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“Petrol stations are not the ideal place for multiple rapid chargers” Interview with Quentin Willson

Although Quentin Willson, former Top Gear presenter, has always been a fan of big cars – he has a Mustang, a Rolls Royce and a Bentley sitting at home – for the last seven years he has been driving various electric cars to test their functionality. “As an opinion former you have to try things”. He considers electric cars “are fine, they work, but we are not ready for mass electrification.”

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Quentin Willson is an award-winning motoring journalist and presenter of the Classic Car Show. He fronted Top Gear for a decade and writes for numerous national publications, while campaigning tirelessly on behalf of Britain's motorists.

Could you explain to the global audience what is Fairfuel UK? is the country’s most successful single-issue protest group. It has 1.5 million supporters. We have forced the Government to keep fuel duty down for the last 7 years, saving the UK consumers 100 billion pounds ($132bn). We manage this through dialogue and politeness; we don’t do blockades or fuel protests. (In November) we got our members to send 36,000 emails to the treasury and to the Prime Minister. It proves that we don’t need a huge bankroll and lots of money.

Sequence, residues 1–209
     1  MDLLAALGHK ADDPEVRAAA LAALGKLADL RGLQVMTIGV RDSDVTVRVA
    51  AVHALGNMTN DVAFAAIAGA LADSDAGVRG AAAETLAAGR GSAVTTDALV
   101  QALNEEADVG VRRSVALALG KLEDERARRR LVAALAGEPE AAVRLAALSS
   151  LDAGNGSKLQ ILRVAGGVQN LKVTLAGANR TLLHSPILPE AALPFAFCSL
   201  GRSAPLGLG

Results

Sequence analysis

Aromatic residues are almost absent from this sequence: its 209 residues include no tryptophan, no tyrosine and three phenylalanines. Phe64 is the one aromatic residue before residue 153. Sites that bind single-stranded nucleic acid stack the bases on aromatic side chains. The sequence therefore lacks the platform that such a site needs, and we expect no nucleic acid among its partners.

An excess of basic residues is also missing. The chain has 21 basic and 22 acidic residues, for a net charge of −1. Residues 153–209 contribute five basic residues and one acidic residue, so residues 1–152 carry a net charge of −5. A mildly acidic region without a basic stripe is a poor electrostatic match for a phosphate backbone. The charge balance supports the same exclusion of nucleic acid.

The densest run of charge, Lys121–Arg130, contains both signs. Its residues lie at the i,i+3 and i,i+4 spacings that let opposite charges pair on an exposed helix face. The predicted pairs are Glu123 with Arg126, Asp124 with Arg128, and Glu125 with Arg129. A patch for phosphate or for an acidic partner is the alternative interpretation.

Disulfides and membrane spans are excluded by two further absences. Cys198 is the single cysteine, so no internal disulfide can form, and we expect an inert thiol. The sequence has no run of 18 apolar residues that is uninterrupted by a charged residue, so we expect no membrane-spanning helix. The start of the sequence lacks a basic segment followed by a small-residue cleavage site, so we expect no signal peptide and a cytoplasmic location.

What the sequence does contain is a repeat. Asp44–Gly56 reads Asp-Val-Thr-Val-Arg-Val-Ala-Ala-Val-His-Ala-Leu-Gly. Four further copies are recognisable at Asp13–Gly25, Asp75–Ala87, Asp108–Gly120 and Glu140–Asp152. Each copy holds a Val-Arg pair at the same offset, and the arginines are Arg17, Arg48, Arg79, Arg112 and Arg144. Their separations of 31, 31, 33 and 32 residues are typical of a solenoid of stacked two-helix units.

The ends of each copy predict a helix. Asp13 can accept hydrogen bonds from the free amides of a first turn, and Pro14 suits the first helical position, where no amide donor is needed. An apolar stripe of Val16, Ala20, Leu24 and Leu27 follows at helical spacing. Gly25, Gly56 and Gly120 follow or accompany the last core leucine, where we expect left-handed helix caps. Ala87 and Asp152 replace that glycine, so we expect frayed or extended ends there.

In relation to the fuel industry, how does Theresa May’s administration compare to previous ones?

The previous Labour administration had no transport policies whatsoever – and they still don’t. They wanted to put in a fuel duty escalator, so it would go up by 3 or 4 pence every year, and would be linked to inflation. If it would have carried on like that a litre of diesel would now be at £1.75. *Average price for a litre of diesel in UK is £1.31 as of June 27.

This Administration doesn’t understand that we have a ‘road economy’ in the UK. I told the Treasury that 98% of all the things we buy in shops are transported by road. If you raise the duty on diesel, that causes inflation, a rise in interest rates and it lowers GDP (Gross Domestic Product). If you overtax the fuel industry if affects everything. We are at a stage now where they understand our cause. They know that annoying 34 million British drivers will lose them votes.

In an article you wrote for the APEA Journal you considered that we would need 17,000 giant charging hubs to be able to sustain mass electrification of vehicles. What would an EV hub look like?